The Fitch circuit is used when better control of the impulse voltage is required than can be provided by the Marx circuit.
There's an error in this drawing.. there should not be a short from R2 to ground.
Let's just consider a couple of stages.
During charging, the capacitors charge through D1 and L1. Current passes to the next stage through D2. The polarity of the voltages on C1 and C2 are reversed, so there is no net voltage on the two.
Ia is the charging current throug D1, L, and C1. Ib is the charging current through D1, L, C2, and R2. Ic is the charging current through D1, D2, D1 (in the second stage), L(second stage), and C1(second stage). And so forth.
Now we are charged and ready to fire.
Erection, phase 1
Now, we trigger the gaps, so current starts to flow in the resonant circuit C2, L1, D2, SG, shown by loop ILC. D1 is reverse biased during this time: C1, L, D1, SG.
Erection, phase 2
A half period later, the voltage on C2 is entirely reversed, but it cannot discharge, because D2 would be reverse biased. The spark gap extinguishes.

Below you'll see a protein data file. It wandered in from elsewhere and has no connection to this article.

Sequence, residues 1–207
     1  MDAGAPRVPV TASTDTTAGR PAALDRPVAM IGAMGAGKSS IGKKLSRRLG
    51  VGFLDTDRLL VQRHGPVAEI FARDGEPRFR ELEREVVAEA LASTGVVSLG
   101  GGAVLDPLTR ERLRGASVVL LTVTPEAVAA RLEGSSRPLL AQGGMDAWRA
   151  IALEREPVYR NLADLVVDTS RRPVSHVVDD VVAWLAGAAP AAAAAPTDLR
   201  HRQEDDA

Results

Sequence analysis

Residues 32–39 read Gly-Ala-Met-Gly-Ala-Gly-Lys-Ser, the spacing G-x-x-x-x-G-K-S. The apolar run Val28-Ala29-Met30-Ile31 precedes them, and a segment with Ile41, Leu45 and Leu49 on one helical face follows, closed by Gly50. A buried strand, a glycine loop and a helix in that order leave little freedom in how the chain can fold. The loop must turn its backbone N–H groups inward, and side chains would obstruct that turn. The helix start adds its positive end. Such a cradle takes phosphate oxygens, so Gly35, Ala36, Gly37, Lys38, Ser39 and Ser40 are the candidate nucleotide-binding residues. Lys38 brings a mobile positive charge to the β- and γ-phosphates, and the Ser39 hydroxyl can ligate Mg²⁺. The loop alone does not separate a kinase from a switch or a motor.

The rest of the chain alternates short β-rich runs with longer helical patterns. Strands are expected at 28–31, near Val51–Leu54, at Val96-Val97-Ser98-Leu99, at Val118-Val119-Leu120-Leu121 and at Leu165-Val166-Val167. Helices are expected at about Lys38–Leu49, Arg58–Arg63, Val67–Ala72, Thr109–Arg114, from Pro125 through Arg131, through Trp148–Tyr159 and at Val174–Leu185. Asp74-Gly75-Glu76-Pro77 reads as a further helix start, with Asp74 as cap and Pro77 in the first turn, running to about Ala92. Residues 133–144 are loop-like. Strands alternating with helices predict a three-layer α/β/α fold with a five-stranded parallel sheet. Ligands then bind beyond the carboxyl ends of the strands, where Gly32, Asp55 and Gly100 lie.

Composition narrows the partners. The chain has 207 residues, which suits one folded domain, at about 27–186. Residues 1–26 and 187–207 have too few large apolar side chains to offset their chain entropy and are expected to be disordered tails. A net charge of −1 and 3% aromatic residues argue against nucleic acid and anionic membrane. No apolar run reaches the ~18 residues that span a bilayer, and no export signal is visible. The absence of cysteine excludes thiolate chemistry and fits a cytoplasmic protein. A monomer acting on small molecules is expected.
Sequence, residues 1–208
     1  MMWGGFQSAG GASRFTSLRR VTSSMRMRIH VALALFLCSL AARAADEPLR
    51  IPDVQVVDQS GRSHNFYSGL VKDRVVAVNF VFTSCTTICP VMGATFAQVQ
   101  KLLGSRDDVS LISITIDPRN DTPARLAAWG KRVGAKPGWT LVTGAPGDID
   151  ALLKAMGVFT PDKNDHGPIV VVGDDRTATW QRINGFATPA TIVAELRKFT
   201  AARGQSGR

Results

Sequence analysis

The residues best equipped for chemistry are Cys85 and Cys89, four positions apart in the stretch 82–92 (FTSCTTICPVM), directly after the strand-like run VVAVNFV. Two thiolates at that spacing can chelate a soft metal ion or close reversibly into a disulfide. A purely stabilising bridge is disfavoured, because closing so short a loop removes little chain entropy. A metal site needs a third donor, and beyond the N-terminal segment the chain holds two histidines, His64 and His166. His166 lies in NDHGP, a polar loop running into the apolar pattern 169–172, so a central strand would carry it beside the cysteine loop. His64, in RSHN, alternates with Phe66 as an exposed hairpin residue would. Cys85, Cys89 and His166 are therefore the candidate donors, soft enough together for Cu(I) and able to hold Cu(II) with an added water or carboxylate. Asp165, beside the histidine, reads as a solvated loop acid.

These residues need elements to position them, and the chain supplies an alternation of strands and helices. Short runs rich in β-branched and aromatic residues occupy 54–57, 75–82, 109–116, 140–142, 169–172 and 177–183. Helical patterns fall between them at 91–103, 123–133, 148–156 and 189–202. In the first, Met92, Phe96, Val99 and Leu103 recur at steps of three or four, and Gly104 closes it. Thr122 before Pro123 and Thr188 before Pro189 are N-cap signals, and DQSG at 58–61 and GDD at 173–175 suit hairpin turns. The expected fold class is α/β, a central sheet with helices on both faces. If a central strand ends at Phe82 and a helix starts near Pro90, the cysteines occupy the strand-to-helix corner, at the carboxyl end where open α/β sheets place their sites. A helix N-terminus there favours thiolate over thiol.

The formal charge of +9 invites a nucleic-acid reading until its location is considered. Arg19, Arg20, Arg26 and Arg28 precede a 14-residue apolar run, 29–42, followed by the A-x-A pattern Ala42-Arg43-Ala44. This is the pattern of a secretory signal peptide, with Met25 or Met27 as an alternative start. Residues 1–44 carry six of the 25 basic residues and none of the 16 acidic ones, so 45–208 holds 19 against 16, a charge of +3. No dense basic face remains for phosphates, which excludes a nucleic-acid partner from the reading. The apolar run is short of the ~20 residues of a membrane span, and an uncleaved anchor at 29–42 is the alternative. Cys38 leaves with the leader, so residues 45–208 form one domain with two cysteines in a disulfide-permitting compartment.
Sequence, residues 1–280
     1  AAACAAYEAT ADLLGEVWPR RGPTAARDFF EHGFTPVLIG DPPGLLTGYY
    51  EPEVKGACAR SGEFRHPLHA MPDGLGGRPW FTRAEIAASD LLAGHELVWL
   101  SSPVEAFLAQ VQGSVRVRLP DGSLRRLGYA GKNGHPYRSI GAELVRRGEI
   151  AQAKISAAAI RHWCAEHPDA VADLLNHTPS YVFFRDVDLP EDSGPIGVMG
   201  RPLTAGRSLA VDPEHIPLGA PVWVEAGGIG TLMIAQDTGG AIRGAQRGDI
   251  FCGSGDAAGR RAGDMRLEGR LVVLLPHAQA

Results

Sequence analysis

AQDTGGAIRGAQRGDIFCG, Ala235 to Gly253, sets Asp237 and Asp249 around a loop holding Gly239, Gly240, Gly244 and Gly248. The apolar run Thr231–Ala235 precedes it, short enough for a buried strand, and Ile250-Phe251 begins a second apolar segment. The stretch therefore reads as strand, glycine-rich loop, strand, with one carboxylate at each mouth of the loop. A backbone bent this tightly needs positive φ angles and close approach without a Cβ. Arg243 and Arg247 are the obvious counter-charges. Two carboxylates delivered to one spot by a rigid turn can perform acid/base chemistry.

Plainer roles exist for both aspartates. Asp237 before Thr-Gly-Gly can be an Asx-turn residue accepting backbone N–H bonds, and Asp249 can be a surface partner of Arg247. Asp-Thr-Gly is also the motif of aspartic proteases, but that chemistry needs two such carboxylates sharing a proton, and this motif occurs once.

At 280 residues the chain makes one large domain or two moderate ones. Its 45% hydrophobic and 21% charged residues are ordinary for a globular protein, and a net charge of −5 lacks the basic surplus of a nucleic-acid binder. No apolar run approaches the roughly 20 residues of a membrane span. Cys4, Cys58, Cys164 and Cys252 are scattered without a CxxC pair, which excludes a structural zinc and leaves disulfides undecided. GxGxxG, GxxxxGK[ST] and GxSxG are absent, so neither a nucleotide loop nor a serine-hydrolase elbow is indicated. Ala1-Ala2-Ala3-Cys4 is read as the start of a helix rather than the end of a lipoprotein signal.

C1 and C2 are now in series with the same polarity, so the stage voltage is twice the original charge voltage. The fall time is set by the resistance of R2
L must be able to store all the energy in C2 in this circuit. One would also want to keep the loop current high enough that the spark gap stays "ignited" (on the order of 4-5 Amps), but low enough that the diode D2 doesn't disappear in a puff of smoke. Most diodes, though, have a Ipk substantially higher (10-20 times) than their continuous rating (1N400x series of 1Amp diodes have an IFSM of 30A, 1N540x (3Amp) series has IFSM of 200A).
Say we have a stage voltage of 50 kV, and 1 uF capacitors (i.e. a stored energy of 1.25 kJ). We want to keep the peak current below 150A (we're using some form of 3Amp diodes..), and since E=0.5 L I^2, we can calculate the inductance as L = 2500/(150*150) or 0.11 Henry, which seems quite high...
Perhaps, if one used much smaller capacitors... 10 nF, for example. Then, the inductance would be 1.1 mH, which, although high, would start to be more practical. In this case, the half period ( 2*pi*sqrt(L*C2)) would be about 20 microseconds.
One would probably want erection times substantially less than a microsecond, though, so a more reasonable inductance would be even smaller, although, that will raise the peak diode current.
Bazelyan and Raizer, Spark Discharge, pp 97-98
Copyright 1998, Jim Lux / fitch.htm / 22 August 2002 / Back to HV Home / Back to home page / Mail to Jim